From a journalist's perspective, I immediately saw several stories emerging out of this string of events. I was interested in uncovering the truth behind what happened, of course; but the truth, in the end, is irrelevant. Here is the fact: Perception is reality. And regardless of who was at fault for which outcome, Greg managed to do damage to the storage business in question, which I have not named because it could have happened to any storage facility. It could happen to yours.

I e-mailed with the customer and got his side of the story. I also spoke and e-mailed with the president of the self-storage operation and got his perspective. He and I agreed that once the situation was resolved, there were lessons in the story that should be shared with the industry at large. I urge you to watch the ISS website and future issues of the magazine for an article about:

  • The power of viral media and how it can affect your self-storage business
  • How to handle angry customers and avoid a PR disaster
  • How to mitigate a PR nightmare once it ensues
  • Key strategies for minimizing situations that create angry customers in the first place

Happily, the storage operator in our tale was able to settle with Greg for an undisclosed sum. Greg agreed to sign a confidentiality agreement, cancel the second protest he had scheduled for April 3rd, and remove the YouTube video. He e-mailed me say he could no longer communicate on this subject.

Most of you have dealt with angry customers; maybe you even have a situation on your hands right now. In the past, you had to worry about negative word-of-mouth, a call to a local newspaper or radio show, an angry editorial ... These things are dangerous but contained to a specific community. They can be calamitous to a storage business, to be sure—I do not belittle the importance of that, especially if you are a small operation with only local facilities.

But imagine a message that can be sent around the globe almost instantly, the sheer power created by newly established social media such as LinkedIn, Facebook and Twitter. One customer gets upset with you in Anywhere USA, and suddenly your name is besmirched on Web pages and in the minds of customers all over the world.

Am I exaggerating? Perhaps a bit. Then again, maybe I'm not being dramatic enough. What do you think? Social media can work for us, but it can certainly work against us. Customer service has never been so critical. If you have an experience or comment to share, post it here. I'll also start a thread over at Self-Storage Talk.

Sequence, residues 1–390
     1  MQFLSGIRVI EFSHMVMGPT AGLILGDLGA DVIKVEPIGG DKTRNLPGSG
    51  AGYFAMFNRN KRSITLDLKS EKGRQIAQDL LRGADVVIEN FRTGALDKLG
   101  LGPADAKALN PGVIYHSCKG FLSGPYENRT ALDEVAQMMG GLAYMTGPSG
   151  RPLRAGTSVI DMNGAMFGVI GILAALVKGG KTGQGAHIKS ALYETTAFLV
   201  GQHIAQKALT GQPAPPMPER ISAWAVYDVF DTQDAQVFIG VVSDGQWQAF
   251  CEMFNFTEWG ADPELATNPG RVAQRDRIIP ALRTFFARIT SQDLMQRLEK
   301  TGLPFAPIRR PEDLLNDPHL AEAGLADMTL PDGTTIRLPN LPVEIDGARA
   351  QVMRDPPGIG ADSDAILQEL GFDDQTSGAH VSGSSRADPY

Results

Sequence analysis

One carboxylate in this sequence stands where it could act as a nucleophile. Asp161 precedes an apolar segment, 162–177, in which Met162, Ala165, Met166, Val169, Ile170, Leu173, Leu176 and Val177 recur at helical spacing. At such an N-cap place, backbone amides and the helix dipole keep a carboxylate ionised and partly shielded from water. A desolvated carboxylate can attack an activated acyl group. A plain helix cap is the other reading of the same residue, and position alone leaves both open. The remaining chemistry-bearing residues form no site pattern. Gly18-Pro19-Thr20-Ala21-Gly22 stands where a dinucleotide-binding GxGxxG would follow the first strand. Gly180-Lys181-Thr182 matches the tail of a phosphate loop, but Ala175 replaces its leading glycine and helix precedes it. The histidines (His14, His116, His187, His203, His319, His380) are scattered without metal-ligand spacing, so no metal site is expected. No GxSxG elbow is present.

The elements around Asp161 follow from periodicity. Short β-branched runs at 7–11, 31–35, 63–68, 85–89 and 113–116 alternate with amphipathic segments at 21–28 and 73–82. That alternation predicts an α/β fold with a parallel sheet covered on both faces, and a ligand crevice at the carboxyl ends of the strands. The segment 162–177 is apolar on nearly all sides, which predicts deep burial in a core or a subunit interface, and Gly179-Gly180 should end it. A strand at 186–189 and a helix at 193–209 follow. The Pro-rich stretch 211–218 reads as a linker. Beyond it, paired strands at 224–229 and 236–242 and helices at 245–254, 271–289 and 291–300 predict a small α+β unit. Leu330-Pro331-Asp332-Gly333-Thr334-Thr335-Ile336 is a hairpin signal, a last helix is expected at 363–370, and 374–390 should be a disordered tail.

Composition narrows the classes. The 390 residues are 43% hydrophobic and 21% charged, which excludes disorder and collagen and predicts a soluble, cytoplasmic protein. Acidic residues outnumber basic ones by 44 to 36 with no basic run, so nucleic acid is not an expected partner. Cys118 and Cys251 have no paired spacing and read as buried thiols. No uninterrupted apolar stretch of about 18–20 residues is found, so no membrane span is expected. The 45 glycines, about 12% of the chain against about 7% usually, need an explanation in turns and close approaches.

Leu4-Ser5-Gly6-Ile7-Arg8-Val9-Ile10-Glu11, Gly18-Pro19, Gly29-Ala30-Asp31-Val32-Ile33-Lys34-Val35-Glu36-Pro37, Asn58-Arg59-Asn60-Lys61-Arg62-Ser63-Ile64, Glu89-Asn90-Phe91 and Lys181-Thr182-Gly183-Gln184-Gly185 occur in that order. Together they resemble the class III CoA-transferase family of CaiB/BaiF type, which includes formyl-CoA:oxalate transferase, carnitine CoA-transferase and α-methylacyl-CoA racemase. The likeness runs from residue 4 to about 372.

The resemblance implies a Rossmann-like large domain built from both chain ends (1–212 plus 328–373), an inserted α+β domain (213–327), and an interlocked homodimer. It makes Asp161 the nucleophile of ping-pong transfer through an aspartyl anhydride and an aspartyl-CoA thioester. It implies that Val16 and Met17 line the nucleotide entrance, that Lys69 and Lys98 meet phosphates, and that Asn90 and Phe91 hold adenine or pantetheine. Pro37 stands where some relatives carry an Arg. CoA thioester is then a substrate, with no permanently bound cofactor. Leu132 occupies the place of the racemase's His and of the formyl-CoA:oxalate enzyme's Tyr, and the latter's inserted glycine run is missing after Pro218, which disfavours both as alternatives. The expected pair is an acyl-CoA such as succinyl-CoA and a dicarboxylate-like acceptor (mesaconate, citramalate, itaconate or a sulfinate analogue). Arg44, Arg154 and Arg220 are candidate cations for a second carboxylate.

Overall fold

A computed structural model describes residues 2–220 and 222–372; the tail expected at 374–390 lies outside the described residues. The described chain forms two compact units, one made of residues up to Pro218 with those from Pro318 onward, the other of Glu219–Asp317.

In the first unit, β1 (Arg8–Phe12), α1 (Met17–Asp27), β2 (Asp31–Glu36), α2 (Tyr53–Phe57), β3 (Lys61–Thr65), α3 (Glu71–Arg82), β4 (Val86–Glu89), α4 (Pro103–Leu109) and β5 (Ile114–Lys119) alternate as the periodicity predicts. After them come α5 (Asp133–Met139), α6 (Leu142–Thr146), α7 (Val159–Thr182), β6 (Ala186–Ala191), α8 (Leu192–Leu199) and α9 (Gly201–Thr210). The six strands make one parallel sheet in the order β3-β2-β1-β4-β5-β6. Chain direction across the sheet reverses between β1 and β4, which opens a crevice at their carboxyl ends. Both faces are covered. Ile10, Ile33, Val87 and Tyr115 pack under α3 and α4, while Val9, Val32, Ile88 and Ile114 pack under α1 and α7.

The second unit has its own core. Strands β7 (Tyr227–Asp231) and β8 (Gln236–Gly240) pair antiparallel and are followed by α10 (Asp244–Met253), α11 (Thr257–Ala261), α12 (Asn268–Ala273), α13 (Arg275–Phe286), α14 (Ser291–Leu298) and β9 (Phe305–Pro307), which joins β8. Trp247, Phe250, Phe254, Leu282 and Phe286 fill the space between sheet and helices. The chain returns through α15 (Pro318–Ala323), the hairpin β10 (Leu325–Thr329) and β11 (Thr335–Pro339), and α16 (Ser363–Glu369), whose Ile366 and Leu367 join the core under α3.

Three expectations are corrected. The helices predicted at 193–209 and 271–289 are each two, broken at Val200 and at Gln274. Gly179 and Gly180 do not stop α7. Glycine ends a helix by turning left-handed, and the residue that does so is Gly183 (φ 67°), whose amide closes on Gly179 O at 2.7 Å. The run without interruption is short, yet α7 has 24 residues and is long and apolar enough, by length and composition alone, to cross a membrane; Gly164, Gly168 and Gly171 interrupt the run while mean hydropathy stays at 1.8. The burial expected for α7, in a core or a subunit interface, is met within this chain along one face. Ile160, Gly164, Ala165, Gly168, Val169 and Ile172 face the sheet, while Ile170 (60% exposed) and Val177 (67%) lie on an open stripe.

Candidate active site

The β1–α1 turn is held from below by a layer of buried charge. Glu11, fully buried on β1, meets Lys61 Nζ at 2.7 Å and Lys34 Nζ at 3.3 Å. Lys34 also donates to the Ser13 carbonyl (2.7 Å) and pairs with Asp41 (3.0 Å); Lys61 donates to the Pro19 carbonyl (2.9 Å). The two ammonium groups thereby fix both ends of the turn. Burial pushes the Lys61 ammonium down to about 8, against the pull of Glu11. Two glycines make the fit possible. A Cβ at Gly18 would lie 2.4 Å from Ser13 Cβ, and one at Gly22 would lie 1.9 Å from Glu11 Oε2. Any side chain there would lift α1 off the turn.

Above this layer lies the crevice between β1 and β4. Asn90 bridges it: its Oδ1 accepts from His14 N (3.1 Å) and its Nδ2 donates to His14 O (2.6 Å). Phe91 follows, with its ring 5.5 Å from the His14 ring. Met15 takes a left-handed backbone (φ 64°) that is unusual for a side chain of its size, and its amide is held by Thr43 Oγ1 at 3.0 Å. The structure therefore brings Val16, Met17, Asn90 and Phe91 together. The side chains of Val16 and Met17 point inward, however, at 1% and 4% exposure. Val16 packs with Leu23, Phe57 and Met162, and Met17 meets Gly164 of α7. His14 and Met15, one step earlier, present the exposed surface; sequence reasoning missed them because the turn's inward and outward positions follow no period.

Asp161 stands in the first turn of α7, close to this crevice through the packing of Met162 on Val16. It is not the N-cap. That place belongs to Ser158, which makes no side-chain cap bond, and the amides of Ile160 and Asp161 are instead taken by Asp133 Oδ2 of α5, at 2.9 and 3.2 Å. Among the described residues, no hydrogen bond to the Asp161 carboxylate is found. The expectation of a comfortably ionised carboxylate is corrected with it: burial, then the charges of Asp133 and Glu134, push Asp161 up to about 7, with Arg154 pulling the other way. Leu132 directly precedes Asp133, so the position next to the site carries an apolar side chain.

Is the Future of Self-Storage Software Online?

Times have changed for self-storage operators. As occupancy levels drop and openings and expansions slow, they are increasingly focused on improving operations, seeking ways to enhance efficiency by cutting costs, strengthening collections and offering more value to tenants. New software and technology lets them do that.

Advances in programming tools and Web design make the most powerful features available to any self-storage owner or manager. While once only larger operators were able to implement online management, today operators of all sizes can reduce labor with e-commerce modules.

Stores can offer more value through online features that allow tenants to make payments and reserve units. Improved tie-ins with payment processors allow for bank drafts and lower credit card fees for owners, while improved reporting and data mining enable them to fine-tune advertising efforts.

A good management software wraps these and other money-making features into a user-friendly package that’s ready “out of the box.” Web systems are the way of the future, not because they operate online, but because they make owners more money.
Going Web

While Windows programs of the past only ran on a computer at the facility, today’s Web programs tie together diverse users and platforms. More powerful databases, such as Microsoft’s SQL, can work faster and to scale. Operators can add any number of computers, stores or users without special networking, cumbersome installation or added maintenance. Managers, tenants, call centers, district managers and central-office personnel can share data.